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2014 Harvest 
Venezuelan Cacao
In 2009 Tisano’s founders were the first to export 
USDA ORGANIC CERTIFIED cacao from Venezuela. 
•Complex and varied 
•Pepper, fruits, cashews and peanuts 
•Trinitario w...
•Sharp, red fruits and berries 
•Chocolate with licorice undertones 
•Trinitario with Criollo tendencies 
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Tisano - Cacao Bean Sales Sheet 2014_sm


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Tisano - Cacao Bean Sales Sheet 2014_sm

  1. 1. 2014 Harvest Venezuelan Cacao
  2. 2. TISANO CACAO COMPANY In 2009 Tisano’s founders were the first to export USDA ORGANIC CERTIFIED cacao from Venezuela. Tisano adopted the concepts of chain of title traceability procedures as well sustainable produc-tion practices implementing it across our value chain in our ‘Origin-Sourcing Model.’ By partnering with the farmers our transparent purchasing model empowers farmer run co-ops to purchase directly from their communities, removing the middle-men allowing us to pay higher prices, supporting farmers through financing. The co-ops we partner with ensure good harvest, fermenting and drying tech-niques are in place and once they are dried we receive the beans at our facility where we clean, sort and blend the batches by Origin to ensure uniformity of bean size and terroir flavour consis-tency from bag to bag within each lot. The beans that don’t meet our minimum quality requirements for size or defects are discarded. In our stringent selection process we reject between 5-7% of inbound beans so that our customers don’t have to lose time or money in cleaning and selection. QUALITY vs. QUANTITY Venezuela produces a small annual harvest of only +/- 16,000MT of cacao, which equates to roughly 0.32% of World Production. The average Venezu-elan cacao farmer owns between 1 - 5 hectares producing some of the worlds lowest yields < 300 kgs / hectare. Low yields means that Venezuelan cacao is expensive to farm compared to other producing nations with average yields of 600 – 1,000 kgs / hectare. In Venezuela cacao farming is not a lucrative option for many. Ancient varietals are being ripped out and replaced by other cash crops. Tisano’s Origin-Sourcing Model commits us to our cacao farming partners as active stakeholder in the 450 year old tradition Venezuela was founded on, Cacao Farming. We support our communities with technical workshops, business skills to run a farm and donate tools and equipment during and after the harvest with the goal to promote quality farming. GENETIC MAPPING – PROTECTING VARIETALS Beyond sourcing Tisano has partnered with the United States Department of Agriculture, Agricultural Research Service (USDA-ARS) to protect unique genetic cacao varietals by tagging and mapping trees across the country to unearth the genetic origin of Theobroma Cacao. In the process we are discov-ering some of the most unique and diverse cacao varietals in the world. ORIGIN SOURCING All Rights Reserved (c) 2012, Tisano, LLC Tisano’s Origin-Sourcing Model vs current cacao supply chain diagram for Venezuela Multinational Processors Multinational Traders Local Exporters n < 8 Legend: Raw cocoa beans Processed cocoa products (liquor, butter, cake, powder) Multinational Manufacturers Market Actors outside Venezuela Market Actors in Ve nezuela Chocolate / Confectionary Markets (80% of cocoa exports) Local Traders n > 15 Local Collectors n > 500 Smallholder Farmers n > 17.000 Artisanal Processors and Manufacturers Local Proc. n < 6 TISANO Manufacturing Processing Trading / Importing Exporting Local processing Collecting/Bulking Cocoa Bean Production Juana, Harvest Foreman - La Empresa Campesina de Chuao
  3. 3. ARAGUA CARABOBO MIRANDA SUCRE PUERTO CABELLO •Complex and varied •Pepper, fruits, cashews and peanuts •Trinitario with high Criollo tendencies A favorite growing region for the Spanish Crown, once the largest producer and named after the port of embarkation, Puerto Cabello. Now aban-doned haciendas offer bountiful untamed cacao hidden in the tropical mountains. This region offers the most diverse flavor profiles; from famed Chuao to Ocumare to the subtle Patanemo criollo, spicy Mantuano and molasses Trincheras. Each village is surrounded by a unique micro-climate and terroir creating unique origins. CARENERO SUPERIOR •Caramel, citrus, vanilla, berries, honey •Chocolate undertone •Mild acidity Carenero refers to the port from which the cacao was once shipped and “Superior” is a reference to higher quality Trinitario beans. Typically, Carenero has a strong underlying chocolate presence that hides underneath a myriad of flavors, such as spice, caramel, citrus, vanilla, berries, and honey. A light acidity also adds further depth to the profile. Historically known as Caracas Cacao. RIO CARIBE •Dark tone, bitter •Coffee, cocoa •Almonds, red fruits This Forastero cacao bean grown near the Rio Caribe has a slight dark tone and a refreshing bitterness. Venezuela’s largest growing region - the majority of this region produces an F2 cacao ( less than 60% fermentation) and small plantation specific F1 ( greater than 60% fermentation.) For orders or more information email : ZULIA MERIDA CARABOBO ARAGUA MIRANDA BOLIVAR SUCRE AMAZONAS PORCELANA •Low acidity & delicate •Great finesse •Strawberries, cream, butter, bread, honey MERIDA ZULIA From the Andean region, a genetically pure Criollo species. This cacao is extremely mild, and is prized for its delicacy and overall gentle appeal. While not a complex cacao, the flavors and texture are incredible and dazzle with finesse. Typical flavors are strawberries, cream, butter, and sometimes bread. Mexican strands of Porcelana deviate from the Venezuelan variety with a heavier body and spicier flavor profile. MARACAIBO / SUR DEL LAGO MERIDA •Full-bodied •Delicate and subtle under flavor tones •Red fruits, cream, nuts Maracaibo and Sur del Lago, meaning south lake, have been farming criollo cacao since the late 16th Century. Grown at the end of the Andean Mountain range it is inherently hearty with a full body. Its com-plexity is fairly minimal and can display wonderful flavors of red fruits, cream and nuts. GUASARE •Nutty with caramel top notes •Complex secondary notes, less acidic MERIDA High quality 100% ancient criollo varietal is currently being rediscovered. Hailing from the mountainous Andean region of Venezuela consisting of enor-mously large, pure white inside beans. ZULIA ZULIA REGIONAL NAMES // FLAVOR PROFILES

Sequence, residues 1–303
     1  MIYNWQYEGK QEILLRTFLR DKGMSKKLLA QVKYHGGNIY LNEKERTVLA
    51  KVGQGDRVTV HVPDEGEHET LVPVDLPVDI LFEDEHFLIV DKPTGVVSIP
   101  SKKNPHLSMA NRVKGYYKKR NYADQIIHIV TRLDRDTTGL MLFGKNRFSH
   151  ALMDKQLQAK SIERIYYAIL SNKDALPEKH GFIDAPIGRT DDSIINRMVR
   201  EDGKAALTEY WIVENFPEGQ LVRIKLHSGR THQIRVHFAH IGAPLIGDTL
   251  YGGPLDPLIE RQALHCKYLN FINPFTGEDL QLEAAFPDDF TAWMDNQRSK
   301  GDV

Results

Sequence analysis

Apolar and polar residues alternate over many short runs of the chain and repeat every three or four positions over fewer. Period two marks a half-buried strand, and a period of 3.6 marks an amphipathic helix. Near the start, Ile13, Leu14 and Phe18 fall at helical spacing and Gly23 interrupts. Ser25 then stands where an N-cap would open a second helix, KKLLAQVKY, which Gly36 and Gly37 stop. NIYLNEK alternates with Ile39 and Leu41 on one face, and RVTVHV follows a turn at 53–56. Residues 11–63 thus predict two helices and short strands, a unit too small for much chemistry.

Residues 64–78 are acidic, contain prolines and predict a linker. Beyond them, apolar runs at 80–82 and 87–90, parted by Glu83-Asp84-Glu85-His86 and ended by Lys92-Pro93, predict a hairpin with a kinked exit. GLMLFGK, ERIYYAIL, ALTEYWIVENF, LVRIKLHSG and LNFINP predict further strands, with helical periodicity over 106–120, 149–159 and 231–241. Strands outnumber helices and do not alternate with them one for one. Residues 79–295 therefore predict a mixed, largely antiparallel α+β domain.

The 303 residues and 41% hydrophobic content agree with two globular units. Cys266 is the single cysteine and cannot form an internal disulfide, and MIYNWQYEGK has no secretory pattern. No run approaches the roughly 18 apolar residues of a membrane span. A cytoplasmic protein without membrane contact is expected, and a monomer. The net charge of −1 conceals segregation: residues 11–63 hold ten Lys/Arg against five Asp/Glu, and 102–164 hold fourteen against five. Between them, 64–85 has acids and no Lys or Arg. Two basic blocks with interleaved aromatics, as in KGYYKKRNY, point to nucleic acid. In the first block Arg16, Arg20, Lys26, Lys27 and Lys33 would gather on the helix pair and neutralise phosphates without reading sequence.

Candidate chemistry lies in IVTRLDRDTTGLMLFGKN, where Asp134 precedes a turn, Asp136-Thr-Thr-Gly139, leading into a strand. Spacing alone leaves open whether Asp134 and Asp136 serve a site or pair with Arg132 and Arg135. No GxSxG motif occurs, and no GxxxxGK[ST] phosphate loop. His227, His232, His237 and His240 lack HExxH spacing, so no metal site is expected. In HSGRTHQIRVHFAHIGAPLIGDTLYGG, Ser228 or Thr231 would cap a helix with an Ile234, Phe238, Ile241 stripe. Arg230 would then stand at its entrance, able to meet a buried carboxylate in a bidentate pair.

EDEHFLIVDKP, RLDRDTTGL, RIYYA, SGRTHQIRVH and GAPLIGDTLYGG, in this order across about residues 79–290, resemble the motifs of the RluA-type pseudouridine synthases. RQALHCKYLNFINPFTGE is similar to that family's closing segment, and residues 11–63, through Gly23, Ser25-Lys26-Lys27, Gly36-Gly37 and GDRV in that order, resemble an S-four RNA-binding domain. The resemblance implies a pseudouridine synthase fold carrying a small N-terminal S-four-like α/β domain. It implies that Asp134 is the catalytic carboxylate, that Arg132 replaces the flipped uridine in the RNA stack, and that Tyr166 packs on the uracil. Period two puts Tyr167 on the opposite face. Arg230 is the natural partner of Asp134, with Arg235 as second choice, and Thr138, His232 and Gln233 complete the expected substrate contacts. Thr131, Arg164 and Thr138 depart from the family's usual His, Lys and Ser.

4. 4. CHUAO •Sharp, red fruits and berries •Chocolate with licorice undertones •Trinitario with Criollo tendencies ARAGUA 17 MT / YEAR Chuao is one of the most prized cocoa origins amongst chocolate makers, so much so that over 4 times as much ‘Chuao’ chocolates are sold than cacao is grown in this terroir each year. Chuao has no roads leading out of town it is so isolated that the cacao beans must be brought out on small boats 900 kgs at a time. The isolation has meant that forgotten traditions remain very much alive in Chuao, such as their community harvesting and three tiered drying patio process. These traditions along with the varied genetic diversity of the 450 year old plantation is what makes the cacao from La Empresa Campesina de Chauo world class. OCUMARE CUMBOTO •Plum, peaches, red fruits ARAGUA •Vanilla Caramel, Light acidity •Trinitario with more Criollo tendencies 40 MT / YEAR The town of Ocumare actually grows no cacao. The name comes from a farmer run co-op which purchased the beans from surrounding villages such as Cumboto, Cata and Cuyagua. This allowed for a uniformed fermenting and drying process which enhanced the flavour. Since 2010 the co-op was displaced and Tisano has been working with former co-op partners to continue purchasing and combine fermenting and drying for the region. In 2011 we introduced Cumboto as its own origin. This cacao is gentle and light, but it still possesses a slight acidic punch. Flavors vary, between plum, peaches, red fruits with hint of caramel and vanilla. PATANEMO •Floral top notes, red berries •Cashews, peanuts •Trinitario with high percentage of Criollo Patanemo is a village formed by run-away slaves on the foothills where the tropical mountains of South America crash into the Caribbean Sea. The name comes from the Spanish ‘pas tenemos’ (we have peace.) Tisano’s founders were the first to introduce this as a terroir specific origin in 2010 and we continue to source directly from three farming families who ensure our stringent harvest, ferment-ing and drying practices are met. Cacao Drying on the Chuao Church Patio Donaldo, Patanemo Farmer MANTUANO •Caramel and molasses flavor tones •Deep complexity •Trinitario with Forastero tendencies CARABOBO 7.5 MT / YEAR One of the original Cacao Growing Regions in the by-gone era of the ‘Gran Cacaos’. The village of Mantuano is named after the local nickname for Spanish Dons and Lords of Colonial times - The Mantuanos. It is a narrow valley between steep tropical hills that produces a spicy and chocolaty flavor. Mantuano is a female run cacao co-operative founded with the support of Tisano. They do all the local buying in pulp to ensure fermenting and drying are standardized. TRINCHERAS •Dark Chocolate, herbal under tons •Tannins and Astringency •Higher altitude Trinitario CARABOBO 15 MT / YEAR Trincheras, known best for the healing thermal waters that run out from under the town. It was once a large cacao hacienda, today the dilapi-dated 17th Century Plantation sits in front of the farmer run co-op. Trincheras is situated high in the rainforest hills, 10 miles from the ocean, delivering a cacao with uniform dark chocolate astringency and subtle herbal bouquet as undertones. GUANIAMO AMAZONAS BOLIVAR •Robust with strong chocolate over tones AMAZONAS •Acidic, strong •Wild grown Forastero Cacao grown deep in the Amazonian river basins of Venezuela, thought to be the birthplace of cacao. Wild cacao harvested by local Piaroa Indigenous communities. It is a two-day canoe trip or one day 4x4 expedition to bring this varietal from the Amazonian basin to the nearest roads for us to then drive another 10 hours to our ware-house. All Rights Reserved (c) 2014, Tisano, LLC For orders or more information email : UNIQUE TERROIRS CARABOBO 10 MT / YEAR 40 MT / YEAR